Linda Greenhouse at The New York Times’ Opinionator blog today writing about Arizona’s new illegal immigrant legislation:
So what to do in the meantime [until it’s overturned]? Here’s a modest proposal. Everyone remembers the wartime Danish king who drove through Copenhagen wearing a Star of David in support of his Jewish subjects. It’s an apocryphal story, actually, but an inspiring one. Let the good people of Arizona — and anyone passing through — walk the streets of Tucson and Phoenix wearing buttons that say: I Could Be Illegal.
Which would then require – by the language of the new law – that police stop that person and ask for papers. If that person can’t produce papers (leave that license them home guys), they’d be subject to arrest. Wouldn’t that be a lovely mess.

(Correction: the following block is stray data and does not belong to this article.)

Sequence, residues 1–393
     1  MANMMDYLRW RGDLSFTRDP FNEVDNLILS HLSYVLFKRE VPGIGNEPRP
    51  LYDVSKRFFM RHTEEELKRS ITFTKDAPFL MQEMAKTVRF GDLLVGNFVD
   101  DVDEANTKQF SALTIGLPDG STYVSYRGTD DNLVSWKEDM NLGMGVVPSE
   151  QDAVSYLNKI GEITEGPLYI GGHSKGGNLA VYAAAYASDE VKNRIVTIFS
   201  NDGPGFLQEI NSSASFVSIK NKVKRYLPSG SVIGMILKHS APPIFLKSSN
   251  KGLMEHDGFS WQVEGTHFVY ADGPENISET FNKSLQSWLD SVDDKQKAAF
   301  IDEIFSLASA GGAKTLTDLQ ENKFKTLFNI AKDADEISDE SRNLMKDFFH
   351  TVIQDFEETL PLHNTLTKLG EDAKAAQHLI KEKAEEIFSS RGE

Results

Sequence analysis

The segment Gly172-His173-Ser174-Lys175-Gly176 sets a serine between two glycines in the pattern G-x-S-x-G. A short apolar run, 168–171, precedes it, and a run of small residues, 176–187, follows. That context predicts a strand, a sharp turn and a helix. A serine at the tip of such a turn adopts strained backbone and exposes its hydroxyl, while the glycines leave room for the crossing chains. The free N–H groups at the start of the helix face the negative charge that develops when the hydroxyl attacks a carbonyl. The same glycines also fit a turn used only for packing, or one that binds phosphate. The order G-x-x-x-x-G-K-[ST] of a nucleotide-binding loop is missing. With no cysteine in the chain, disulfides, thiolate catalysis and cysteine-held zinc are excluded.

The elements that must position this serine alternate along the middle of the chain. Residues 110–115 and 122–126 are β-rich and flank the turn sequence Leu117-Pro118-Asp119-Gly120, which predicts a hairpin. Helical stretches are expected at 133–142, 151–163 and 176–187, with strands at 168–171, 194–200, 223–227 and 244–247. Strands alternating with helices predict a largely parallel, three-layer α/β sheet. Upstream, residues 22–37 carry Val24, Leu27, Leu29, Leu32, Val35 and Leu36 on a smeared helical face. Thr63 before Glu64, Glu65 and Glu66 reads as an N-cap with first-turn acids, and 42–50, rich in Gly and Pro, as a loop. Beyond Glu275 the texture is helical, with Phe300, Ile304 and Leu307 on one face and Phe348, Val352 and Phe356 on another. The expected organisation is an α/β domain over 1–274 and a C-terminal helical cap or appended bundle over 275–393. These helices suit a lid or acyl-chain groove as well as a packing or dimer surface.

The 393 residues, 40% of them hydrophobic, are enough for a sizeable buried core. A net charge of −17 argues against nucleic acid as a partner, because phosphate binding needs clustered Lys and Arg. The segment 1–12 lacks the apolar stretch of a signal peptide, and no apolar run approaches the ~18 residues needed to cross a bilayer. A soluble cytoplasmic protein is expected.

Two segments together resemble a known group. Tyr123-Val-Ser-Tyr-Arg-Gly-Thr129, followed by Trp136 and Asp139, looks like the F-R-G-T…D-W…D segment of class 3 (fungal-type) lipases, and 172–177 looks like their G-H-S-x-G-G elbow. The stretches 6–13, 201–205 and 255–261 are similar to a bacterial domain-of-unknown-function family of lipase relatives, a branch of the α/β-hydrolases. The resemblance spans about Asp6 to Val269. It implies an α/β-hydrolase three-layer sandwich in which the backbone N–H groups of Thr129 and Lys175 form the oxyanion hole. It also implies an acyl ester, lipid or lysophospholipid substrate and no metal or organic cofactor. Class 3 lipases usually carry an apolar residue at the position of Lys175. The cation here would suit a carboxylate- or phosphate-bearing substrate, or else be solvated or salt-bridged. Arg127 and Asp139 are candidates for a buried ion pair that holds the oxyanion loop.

While media failures (as in ‘reporting this story’) no longer surprise me, sheer stupidity brings us reporting like: “this law ‘makes it illegal to be an illegal immigrant”. What part of already illegal don’t they understand?
Greenhouse knows her stuff: Linda Greenhouse, the winner of the 1998 Pulitzer Prize, writes on alternate Fridays about the Supreme Court and the law. She reported on the Supreme Court for The New York Times from 1978 to 2008. She teaches at Yale Law School and is the author of a biography of Justice Harry A. Blackmun, “Becoming Justice Blackmun.”